Growing a Man of Passion Begins With Teaching Your Son He’s Created for a Purpose

Sooner or later, parents, your kids are going to ask the “big” questions. It’s important to be ready with a solid answer—especially for your son—and here’s why.
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Last Updated
April 22, 2019
posted on
August 10, 2012
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Minute Read

Sooner or later, parents, your kids are going to ask the “big” questions. It’s important to be ready with a solid answer—especially for your son—and here’s why.

Mom, where did I come from?”

“Why am I here and what’s the meaning of life, Dad?”

Sooner or later, parents, your kids are going to ask the “big” questions. It’s important to be ready with a solid answer—especially for your son—and here’s why.

Many parents shy away from answering these types of questions because they don’t want to “impose” their views on their children. But your son needs to know. Boys who don’t have a well-grounded understanding of why they are here, what their purpose in life is, and why they are important are the most vulnerable to being led astray into self-destructive behaviors.

Every single boy is born for a reason, and every boy needs to know that he is no accident.

He exists to do something and to be someone unique. You can’t necessarily teach him what he should be, but you can teach him who he should be.  Most importantly, teach him that he has a purpose on earth, which will make a positive difference in the lives of others.

Coming to this realization is profoundly freeing for a boy because it allows him to see his life in a larger context. He learns that his actions are important, but he understands that if he was born to fulfill a purpose, then God will be there to help him fulfill that purpose. This idea is simultaneously liberating, exciting, and comforting for boys.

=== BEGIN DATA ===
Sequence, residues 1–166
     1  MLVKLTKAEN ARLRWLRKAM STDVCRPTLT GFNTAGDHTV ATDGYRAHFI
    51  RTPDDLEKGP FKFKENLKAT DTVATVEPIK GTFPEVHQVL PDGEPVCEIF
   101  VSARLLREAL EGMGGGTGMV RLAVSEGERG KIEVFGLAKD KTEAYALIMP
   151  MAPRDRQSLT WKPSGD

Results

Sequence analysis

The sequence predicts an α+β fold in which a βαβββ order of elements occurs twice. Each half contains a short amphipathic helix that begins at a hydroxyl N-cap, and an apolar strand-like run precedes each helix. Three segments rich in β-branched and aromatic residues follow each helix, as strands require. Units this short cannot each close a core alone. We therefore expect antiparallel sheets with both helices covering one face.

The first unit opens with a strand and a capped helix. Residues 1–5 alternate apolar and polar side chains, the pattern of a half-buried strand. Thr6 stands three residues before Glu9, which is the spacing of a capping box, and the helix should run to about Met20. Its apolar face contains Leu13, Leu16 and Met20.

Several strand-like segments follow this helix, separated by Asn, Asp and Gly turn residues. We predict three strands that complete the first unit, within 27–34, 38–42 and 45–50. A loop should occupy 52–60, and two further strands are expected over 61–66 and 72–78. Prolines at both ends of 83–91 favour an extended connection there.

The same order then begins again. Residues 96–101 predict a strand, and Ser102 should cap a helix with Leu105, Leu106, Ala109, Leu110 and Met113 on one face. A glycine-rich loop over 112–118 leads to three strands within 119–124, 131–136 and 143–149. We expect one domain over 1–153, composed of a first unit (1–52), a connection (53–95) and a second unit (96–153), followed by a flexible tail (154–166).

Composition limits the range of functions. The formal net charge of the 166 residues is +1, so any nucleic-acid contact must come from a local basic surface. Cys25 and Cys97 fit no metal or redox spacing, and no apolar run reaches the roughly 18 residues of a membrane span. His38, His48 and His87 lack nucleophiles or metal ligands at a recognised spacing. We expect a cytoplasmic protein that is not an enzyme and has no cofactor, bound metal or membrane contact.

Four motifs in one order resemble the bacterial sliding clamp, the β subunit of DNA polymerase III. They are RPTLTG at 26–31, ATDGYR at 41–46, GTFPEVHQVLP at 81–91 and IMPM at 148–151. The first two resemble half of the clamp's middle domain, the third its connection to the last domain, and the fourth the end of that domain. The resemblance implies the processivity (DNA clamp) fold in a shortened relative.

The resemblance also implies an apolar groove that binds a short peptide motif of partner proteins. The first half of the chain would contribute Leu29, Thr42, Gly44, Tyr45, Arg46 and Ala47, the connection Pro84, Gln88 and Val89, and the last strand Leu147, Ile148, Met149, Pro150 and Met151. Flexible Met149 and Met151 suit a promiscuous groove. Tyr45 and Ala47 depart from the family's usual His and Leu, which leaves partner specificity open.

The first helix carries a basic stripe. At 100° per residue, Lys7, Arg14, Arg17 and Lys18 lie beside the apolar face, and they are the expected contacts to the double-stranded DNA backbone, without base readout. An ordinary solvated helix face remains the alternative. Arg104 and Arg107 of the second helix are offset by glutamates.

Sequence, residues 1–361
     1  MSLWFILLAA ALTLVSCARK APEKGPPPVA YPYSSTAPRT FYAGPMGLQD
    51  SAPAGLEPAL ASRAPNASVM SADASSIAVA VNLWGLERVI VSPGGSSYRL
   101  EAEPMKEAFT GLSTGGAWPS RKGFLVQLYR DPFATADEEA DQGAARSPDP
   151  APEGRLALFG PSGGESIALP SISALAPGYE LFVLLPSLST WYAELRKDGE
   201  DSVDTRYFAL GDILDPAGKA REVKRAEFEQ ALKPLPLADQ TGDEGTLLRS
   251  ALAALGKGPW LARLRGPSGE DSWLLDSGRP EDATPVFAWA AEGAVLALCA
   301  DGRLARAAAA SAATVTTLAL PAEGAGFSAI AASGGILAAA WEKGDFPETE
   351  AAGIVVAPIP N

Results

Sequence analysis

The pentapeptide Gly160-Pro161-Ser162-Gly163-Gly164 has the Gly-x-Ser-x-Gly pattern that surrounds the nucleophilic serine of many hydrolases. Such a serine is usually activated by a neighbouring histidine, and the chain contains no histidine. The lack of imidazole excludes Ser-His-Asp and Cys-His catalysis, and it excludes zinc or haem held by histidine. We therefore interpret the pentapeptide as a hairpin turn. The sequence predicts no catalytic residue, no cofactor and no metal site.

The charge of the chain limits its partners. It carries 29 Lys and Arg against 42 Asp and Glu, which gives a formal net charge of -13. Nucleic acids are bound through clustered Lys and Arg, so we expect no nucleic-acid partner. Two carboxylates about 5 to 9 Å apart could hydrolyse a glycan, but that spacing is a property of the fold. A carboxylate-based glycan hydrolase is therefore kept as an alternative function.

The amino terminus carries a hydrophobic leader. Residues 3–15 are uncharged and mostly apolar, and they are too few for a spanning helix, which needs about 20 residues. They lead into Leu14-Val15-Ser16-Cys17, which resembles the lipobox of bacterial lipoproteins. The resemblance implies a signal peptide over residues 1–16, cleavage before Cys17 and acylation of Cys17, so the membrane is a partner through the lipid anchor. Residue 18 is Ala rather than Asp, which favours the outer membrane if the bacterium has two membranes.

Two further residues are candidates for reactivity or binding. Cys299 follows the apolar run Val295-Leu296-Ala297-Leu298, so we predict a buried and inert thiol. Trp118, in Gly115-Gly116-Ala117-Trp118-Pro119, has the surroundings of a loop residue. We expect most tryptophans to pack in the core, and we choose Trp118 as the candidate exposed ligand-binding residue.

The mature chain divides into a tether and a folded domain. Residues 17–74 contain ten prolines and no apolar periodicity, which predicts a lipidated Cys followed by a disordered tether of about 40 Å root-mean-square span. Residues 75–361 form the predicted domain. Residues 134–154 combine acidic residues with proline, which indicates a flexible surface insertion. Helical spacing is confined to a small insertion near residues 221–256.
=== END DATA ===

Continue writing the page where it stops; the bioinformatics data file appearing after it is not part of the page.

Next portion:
Lead your son in this direction and you guarantee him a healthy zest for life because passion follows purpose.

Parents can motivate boys only to a certain point. We can prod, cajole, bribe, and encourage boys to get good grades, not be rude, and to brush their teeth every night, but it is a boy’s passion—his sense of having a personal mission—that is his greatest motivator.

When a boy begins to experience the deep satisfaction of doing what he was born to do, he will want to exercise virtue because he’ll recognize that in order to achieve his purpose he needs to be courageous like never before. He’ll know that he needs integrity to keep true to his purpose, and he most certainly needs self-discipline to corral his power and energy in the necessary direction.

Passion to achieve his life’s purpose will weave virtue into his character.

What are some ways you communicate  your kids’ purposes to them?

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This post is adapted from Boys Should Be Boys: 7 Secrets to Raising Healthy Sons.

Dr. Meg Meeker, MD

Practicing pediatrician, parent, grandparent, coach, speaker, and author. Say hello @MegMeekerMD

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